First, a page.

China has launched the Beijing Stock Exchange Market, the first of its kind in the nation’s capital.
The exchange, which would help small and medium-sized businesses raise financing, was first proposed by China’s Communist Party head, Xi Jinping in September 2021.
On Monday, the first round of 81 companies began trading, including 10 initial public offerings from tech and manufacturing sectors. Shares in those IPOs soared in the start, breaking circuit breakers, before closing with a 200 percent average price increase.
Tongxin Transmission, a manufacturer of automotive components, was the best performer, rising 494 percent. The other 71 Beijing-listed businesses formerly traded on an over-the-counter system for companies not registered on China’s two most important stock exchanges, Shanghai and Shenzhen.
This is the first time an exchange has been established in Beijing, giving the nation’s capital and political center additional clout in the economic and financial worlds.
It comes at a time when Xi is pushing down on some of the country’s greatest tech behemoths, which had been expanding at an almost uncontrolled rate until lately. The campaign of the communist leader strives to ensure that wealth and capital do not get concentrated in the hands of a few industry behemoths.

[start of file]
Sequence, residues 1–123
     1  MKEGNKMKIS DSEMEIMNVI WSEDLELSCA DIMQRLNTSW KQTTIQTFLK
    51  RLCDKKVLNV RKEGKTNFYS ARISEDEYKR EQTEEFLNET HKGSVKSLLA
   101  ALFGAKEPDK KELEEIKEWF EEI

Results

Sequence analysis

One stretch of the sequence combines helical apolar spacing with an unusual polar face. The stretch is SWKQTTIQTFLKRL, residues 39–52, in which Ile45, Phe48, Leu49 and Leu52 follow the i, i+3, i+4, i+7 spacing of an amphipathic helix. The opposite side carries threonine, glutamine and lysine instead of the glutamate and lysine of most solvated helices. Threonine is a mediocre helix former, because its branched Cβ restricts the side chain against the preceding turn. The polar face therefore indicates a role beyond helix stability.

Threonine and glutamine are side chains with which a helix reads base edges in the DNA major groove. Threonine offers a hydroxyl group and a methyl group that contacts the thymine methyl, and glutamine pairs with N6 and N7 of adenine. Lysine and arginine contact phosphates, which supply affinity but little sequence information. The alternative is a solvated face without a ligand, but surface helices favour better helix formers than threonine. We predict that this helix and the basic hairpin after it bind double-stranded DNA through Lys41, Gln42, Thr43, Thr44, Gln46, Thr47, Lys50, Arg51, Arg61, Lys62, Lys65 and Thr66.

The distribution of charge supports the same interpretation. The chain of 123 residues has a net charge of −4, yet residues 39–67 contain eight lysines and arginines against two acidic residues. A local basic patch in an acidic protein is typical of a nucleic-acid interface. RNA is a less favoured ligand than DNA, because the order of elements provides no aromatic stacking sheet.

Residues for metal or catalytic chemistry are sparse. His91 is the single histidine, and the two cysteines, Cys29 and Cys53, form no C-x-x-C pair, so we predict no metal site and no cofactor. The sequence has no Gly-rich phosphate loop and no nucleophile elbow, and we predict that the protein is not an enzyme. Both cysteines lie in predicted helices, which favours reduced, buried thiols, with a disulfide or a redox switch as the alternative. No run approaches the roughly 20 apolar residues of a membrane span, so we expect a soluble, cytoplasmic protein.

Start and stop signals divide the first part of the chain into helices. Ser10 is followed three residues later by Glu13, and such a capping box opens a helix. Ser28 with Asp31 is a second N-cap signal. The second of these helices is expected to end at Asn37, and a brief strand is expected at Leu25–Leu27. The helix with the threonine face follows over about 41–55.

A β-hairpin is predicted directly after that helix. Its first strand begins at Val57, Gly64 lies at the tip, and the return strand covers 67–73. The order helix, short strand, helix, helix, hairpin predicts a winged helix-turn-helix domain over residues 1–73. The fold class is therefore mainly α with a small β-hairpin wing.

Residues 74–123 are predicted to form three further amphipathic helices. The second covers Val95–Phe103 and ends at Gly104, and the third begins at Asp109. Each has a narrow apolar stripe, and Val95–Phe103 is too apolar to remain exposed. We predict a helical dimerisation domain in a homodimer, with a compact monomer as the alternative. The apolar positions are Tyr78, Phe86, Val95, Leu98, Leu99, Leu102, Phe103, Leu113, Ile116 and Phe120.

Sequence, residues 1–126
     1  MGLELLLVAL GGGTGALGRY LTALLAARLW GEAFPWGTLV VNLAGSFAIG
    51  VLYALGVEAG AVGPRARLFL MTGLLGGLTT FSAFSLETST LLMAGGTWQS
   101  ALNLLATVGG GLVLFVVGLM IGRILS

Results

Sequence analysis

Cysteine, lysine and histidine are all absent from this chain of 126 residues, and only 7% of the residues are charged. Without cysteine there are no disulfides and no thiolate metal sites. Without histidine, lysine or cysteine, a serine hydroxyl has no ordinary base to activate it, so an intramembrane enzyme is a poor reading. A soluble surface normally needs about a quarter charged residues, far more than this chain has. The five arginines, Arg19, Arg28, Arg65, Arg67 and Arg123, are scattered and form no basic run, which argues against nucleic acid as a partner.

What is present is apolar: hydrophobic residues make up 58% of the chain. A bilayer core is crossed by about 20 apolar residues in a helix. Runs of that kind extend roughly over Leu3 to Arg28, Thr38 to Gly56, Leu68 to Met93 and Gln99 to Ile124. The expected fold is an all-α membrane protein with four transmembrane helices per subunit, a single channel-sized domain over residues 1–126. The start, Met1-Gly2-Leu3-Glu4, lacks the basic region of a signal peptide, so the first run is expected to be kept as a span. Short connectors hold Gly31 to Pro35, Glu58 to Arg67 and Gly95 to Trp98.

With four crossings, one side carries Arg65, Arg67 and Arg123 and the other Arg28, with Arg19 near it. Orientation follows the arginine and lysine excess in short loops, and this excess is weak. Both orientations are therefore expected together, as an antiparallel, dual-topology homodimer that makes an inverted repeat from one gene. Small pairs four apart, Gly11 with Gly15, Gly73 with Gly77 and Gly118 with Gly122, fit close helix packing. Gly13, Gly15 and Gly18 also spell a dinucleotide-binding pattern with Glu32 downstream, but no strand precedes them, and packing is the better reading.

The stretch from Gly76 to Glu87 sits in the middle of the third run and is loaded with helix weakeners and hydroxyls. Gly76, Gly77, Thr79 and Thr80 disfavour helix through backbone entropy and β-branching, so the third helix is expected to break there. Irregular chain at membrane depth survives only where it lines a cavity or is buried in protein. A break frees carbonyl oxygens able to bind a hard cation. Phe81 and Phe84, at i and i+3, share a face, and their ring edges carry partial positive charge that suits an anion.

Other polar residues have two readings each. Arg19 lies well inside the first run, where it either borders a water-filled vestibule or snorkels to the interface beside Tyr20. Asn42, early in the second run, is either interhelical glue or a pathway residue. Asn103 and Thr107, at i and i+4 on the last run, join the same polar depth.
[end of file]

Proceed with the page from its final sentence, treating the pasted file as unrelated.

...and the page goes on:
The BSE’s opening may bring some respite to enterprises in the tech industry, which are facing huge regulatory barriers in raising funds from both the US and China. The Chinese Securities Regulatory Commission announced in September that the Beijing Stock Exchange will “supplement” the Shanghai and Shenzhen stock exchanges by focusing on serving creative smaller businesses. Currently, the BSE’s listed companies have a market value of roughly 3.9 billion yuan ($610 million).
Expanding Beijing’s Sphere of Influence
It is important to point out that the country’s principal stock exchanges are located in the north, distant from the country’s political capital. The Shanghai Stock Exchange, which opened in 1990 and is dominated by large-cap companies such as state-owned enterprises, banks, and energy companies, is based in the eastern metropolis of Shanghai. In southern China, the Shenzhen Stock Exchange has a higher share of technology companies.
The establishment of the Beijing-based exchange also comes at a time when Chinese IT IPOs are becoming more difficult to come by due to increased scrutiny in both China and the United States.
Beijing has been urging its enterprises to float on the domestic stock exchange in order to become less reliant on foreign capital and technology.